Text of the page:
“Trump and DeSantis have the highest name ID and a lot of cash, but campaigns are also about moments—who has them and can then build from them,” said Doug Heye, a longtime Republican operative. “Those happen in debates and forums—and when voters are paying attention.”
Of course, past primary contests are riddled with candidates—Herman Cain, Carly Fiorina, and Newt Gingrich for starters—who had a game-changing debate performance but failed to follow through with a well-organized, early-state effort or the financial resources to turn a viral moment into momentum.
What would ultimately set apart an Also Running from the pack is just that: some sort of clear separation—on policy or on message.
“If you think back to the Democratic primary debates last time, there was no differentiation,” said Dave Carney, a Republican strategist with roots in New Hampshire. “They’ve got to figure out a way to differentiate themselves.”
Christie, for example, has already telegraphed his plans to go after Trump directly and exclusively, even though Trump has said he won’t attend the Milwaukee debate. “He can’t defend his record, he can’t defend his conduct, and he’s afraid to get on stage with anybody who will call him to task on it,” Christie told our David Drucker on The Dispatch Podcast last month.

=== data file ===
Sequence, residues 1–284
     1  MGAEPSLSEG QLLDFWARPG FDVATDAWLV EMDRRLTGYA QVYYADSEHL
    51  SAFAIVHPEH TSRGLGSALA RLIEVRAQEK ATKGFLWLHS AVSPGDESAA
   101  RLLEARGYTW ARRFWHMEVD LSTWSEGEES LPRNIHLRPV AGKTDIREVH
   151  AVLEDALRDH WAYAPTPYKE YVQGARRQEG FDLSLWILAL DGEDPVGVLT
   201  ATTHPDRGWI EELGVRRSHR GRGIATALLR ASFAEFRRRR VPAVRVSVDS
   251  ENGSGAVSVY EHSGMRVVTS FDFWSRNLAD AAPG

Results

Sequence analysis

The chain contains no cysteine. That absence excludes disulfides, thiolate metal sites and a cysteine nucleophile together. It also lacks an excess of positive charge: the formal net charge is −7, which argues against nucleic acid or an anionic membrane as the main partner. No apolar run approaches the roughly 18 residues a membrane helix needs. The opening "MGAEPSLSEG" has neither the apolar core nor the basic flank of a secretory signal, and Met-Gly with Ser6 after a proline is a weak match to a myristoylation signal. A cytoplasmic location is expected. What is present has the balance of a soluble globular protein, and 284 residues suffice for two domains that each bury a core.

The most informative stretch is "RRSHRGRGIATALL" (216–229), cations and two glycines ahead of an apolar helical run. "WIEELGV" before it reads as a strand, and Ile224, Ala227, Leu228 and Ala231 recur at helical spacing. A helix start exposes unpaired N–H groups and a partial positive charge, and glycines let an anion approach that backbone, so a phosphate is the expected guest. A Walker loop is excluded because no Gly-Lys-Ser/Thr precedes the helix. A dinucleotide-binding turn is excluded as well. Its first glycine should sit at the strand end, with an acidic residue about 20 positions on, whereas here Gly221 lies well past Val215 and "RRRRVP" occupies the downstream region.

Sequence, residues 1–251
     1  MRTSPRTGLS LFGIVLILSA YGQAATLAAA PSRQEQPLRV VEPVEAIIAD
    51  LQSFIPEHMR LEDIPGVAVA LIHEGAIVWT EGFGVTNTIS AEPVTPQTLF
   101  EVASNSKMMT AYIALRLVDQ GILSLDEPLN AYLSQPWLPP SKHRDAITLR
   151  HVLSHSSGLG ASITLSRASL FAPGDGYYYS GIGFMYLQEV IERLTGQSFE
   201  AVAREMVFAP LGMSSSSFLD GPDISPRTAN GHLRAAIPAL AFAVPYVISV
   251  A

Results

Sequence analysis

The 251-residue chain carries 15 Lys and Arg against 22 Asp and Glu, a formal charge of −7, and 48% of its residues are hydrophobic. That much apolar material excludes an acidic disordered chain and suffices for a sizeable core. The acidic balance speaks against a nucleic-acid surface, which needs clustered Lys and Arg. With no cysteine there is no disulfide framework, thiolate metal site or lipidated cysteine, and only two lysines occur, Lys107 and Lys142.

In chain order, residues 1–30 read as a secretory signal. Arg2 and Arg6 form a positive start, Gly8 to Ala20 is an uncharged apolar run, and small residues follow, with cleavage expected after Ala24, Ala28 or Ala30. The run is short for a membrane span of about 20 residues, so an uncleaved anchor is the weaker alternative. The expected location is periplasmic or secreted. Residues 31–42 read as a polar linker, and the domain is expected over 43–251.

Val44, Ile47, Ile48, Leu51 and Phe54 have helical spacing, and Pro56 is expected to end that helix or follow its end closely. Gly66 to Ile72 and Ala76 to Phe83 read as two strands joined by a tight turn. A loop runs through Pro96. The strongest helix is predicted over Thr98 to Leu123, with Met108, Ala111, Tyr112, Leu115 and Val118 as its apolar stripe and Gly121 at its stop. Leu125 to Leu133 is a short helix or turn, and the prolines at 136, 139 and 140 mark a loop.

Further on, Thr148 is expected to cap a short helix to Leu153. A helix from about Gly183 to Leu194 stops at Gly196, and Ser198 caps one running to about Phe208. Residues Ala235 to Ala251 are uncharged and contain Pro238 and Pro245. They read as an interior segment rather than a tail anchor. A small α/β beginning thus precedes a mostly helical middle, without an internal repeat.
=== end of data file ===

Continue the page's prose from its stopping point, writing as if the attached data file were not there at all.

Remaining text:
And Pence has indicated he’ll be a more traditional conservative voice, including talking about entitlement reform—an issue most Republican candidates in recent years have run away from, following Trump’s lead.
But the key, say those with experience on presidential campaigns, will be in seizing the opportunity to differentiate—and for some of the Also Runnings, those could be few and fleeting. Moderators may feel compelled to give DeSantis and, if he participates in later debates, Trump the most time to talk given their dominance in the polls at the moment. Those who seem like the longest shots could get just one chance to make an impression.
Changing the narrative—that the Republican nomination is a fight between the frontrunner Trump and his challenger DeSantis—when debating in front of a national audience is the most important task for anyone looking to catapult themselves out of the Also Running camp.
Otherwise, according to GOP operatives like David Kochel, their continued candidacy will bleed money, stifle other potential challengers, and reinforce the existing dominance of Trump and DeSantis: “If that remains the dynamic after the first few debates, everyone will have to look at what their impact is staying in.”
*Corrections, June 2, 2023: Vivek Ramaswamy is 37 years old, not 38, as the article originally stated. Also, this article originally misreported the Haley campaign’s fundraising totals.